The First Virtual SXSW

Dylan Gelula and writer-director Cooper Raiff in Shithouse (2020)

Some point to the rescheduling of the release of the next James Bond movie as the first warning sign, but it was really the cancellation of this year’s SXSW Film Festival that truly brought home the realization of just how severe the impact of the coronavirus crisis would be for filmmakers, moviegoers, and the industry as a whole. “Our hearts were broken for all the filmmakers who invested so much time and talent in their work, hoping for a transformative experience at our event,” says festival director Janet Pierson, and kudos to her and her team for arranging to have the juries see the films slated for the competitions. Announcing the award winners, Pierson adds that she knows that this will be “no substitute for the actual festival’s vitality, enthusiasm, and potential for surprising outcomes —and that it is only available to a small fraction of our program—but we hope it will help garner some well-deserved recognition for these wonderful works.”

Cooper Raiff, who is all of twenty-two, has written, directed, and co-edited Shithouse,the winner of the narrative feature competition. He also stars as a lonely college freshman who spends an amazing night with a young woman (Dylan Gelula) who will seem to have forgotten it ever happened the following morning. Shithouse is “basically the Platonic ideal of the movie you’d expect from a suburban white American softboy who’s been raised on Richard Linklater and Sex Education,” writes IndieWire’s David Ehrlich. “But here’s the catch: It’s good. Like, really good. And more than that, it somehow feels completely singular despite its lo-fi approach and even lower-concept premise.” It’s also “far more gentle than one would expect,” finds Stephen Saito, and at Hammer to Nail, Matt Delman agrees that it’s a “magnetic debut.”

Screen’s Jeremy Kay talks with Danish filmmaker Katrine Philp, whoseAn Elephant in the Roomhas won the award for best documentary feature. The film focuses on a group of children coping with the loss of their parents at the Good Grief therapy center in New Jersey. Philp tells Kay that she and her crew were just about to fly over to Austin from Copenhagen when news of the cancellation broke. She was also looking forward to reuniting with some of the children and still hopes to be able to once the crisis passes. “Everyone is trying to discover the new normal knowing we’re not going to get the benefits of showing a film in a room full of people at a festival,” sales agent Josh Braun tells Kay. “This is the perfect example of a film that would work no matter how they see it or where they see it.”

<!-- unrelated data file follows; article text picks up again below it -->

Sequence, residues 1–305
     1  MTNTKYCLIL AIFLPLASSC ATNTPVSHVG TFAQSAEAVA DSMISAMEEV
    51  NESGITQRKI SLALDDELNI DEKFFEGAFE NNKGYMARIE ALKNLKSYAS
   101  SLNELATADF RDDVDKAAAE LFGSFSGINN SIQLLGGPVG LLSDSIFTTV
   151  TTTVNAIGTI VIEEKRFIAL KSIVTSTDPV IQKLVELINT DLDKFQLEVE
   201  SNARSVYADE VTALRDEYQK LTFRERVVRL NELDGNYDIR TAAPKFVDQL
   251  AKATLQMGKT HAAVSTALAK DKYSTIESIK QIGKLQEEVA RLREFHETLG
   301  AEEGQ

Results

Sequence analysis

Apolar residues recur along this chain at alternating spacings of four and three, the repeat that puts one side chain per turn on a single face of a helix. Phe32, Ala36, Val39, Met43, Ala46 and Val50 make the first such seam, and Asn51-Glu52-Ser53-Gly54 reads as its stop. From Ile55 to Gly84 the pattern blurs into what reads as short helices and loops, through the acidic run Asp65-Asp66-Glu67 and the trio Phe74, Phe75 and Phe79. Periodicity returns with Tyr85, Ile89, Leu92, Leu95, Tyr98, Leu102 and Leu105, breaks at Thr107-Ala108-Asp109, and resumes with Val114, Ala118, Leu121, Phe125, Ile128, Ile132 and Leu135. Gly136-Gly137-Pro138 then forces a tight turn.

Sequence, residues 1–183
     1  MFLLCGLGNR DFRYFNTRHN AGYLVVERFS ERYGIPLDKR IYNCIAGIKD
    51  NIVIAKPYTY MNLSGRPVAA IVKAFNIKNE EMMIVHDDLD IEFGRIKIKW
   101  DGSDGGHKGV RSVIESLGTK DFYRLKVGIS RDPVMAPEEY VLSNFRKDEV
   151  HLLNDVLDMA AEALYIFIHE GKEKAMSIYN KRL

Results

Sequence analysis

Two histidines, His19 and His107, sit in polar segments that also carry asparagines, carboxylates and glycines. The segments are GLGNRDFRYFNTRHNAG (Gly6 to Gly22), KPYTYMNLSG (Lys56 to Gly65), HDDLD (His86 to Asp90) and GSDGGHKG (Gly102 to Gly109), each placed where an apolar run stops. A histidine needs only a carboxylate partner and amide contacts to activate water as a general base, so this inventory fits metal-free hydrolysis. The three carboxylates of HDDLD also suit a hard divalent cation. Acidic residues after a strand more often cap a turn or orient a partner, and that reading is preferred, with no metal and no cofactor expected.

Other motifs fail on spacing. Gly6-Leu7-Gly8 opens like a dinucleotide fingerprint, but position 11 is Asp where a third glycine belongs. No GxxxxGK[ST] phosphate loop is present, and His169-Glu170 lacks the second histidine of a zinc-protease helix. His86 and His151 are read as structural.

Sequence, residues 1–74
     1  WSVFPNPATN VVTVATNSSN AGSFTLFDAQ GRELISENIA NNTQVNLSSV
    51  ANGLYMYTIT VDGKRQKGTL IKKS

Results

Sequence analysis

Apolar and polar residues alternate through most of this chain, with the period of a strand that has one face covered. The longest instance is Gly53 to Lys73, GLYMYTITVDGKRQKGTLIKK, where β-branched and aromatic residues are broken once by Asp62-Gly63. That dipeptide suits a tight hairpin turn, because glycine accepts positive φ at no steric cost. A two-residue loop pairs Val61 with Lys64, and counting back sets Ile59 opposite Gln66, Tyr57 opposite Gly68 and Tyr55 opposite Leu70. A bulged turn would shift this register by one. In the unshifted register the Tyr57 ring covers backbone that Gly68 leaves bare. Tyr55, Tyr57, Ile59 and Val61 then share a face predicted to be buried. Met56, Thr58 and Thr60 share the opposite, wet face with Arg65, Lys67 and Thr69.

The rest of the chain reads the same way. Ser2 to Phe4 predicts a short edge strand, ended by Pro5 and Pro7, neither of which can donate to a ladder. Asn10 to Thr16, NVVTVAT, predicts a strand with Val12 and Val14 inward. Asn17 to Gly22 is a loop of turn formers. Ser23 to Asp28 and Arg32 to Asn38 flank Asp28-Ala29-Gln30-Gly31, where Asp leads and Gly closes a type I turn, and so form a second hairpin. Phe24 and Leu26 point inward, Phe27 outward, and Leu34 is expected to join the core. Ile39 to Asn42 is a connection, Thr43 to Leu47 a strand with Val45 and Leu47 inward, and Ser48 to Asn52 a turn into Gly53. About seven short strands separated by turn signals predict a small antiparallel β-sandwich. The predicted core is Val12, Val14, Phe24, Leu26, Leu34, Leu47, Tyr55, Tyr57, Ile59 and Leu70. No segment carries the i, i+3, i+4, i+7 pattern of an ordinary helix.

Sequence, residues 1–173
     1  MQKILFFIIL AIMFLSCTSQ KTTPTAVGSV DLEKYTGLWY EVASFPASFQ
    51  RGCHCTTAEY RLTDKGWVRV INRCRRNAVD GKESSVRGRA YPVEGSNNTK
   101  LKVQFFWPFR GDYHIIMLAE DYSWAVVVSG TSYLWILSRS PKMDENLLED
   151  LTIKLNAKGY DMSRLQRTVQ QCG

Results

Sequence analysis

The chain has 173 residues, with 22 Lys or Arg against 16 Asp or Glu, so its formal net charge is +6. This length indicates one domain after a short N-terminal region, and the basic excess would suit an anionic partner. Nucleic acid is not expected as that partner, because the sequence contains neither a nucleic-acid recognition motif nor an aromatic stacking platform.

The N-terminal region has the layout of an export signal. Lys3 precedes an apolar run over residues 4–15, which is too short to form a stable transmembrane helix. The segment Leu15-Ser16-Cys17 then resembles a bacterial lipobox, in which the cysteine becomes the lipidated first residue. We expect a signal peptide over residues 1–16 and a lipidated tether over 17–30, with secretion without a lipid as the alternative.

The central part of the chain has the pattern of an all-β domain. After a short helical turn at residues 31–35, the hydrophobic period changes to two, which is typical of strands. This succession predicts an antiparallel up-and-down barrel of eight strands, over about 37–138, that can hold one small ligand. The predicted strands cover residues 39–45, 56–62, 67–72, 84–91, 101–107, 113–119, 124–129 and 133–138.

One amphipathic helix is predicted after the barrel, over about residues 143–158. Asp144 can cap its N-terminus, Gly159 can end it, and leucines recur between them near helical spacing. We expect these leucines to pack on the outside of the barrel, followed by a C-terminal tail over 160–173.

SXSW selected 119 short films this year, and now Mailchimp and Oscilloscope Laboratories have teamed up to present more than seventy of them online. Short film awards are presented in seven categories, and while Kate Novack’s short documentary Hysterical Girl,a recontextualization of Sigmund Freud’s treatment of a seventeen-year-old patient, hasn’t won one—the winner in this category is Carol Nguyen for No Crying at the Dinner Table—the New York Times has premiered it as an Op-Doc. And Karin Fong has won the excellence in title design award for her work on the Apple TV+ series See.You can watch all the finalists in the competition at Art of the Title.

For a festival that didn’t happen, this year’s SXSW has generated considerable coverage. Not every filmmaker with work slated to premiere in Austin has made it available to critics, of course, but you’ll find plenty of reviews indexed at IndieWire, the Film Stage,Hammer to Nail, and Stephen Saito’s site. editor Brian Tallerico writes about the fiction features and documentaries, and at IndieWire, Ben Travers surveys a few of the series pilots.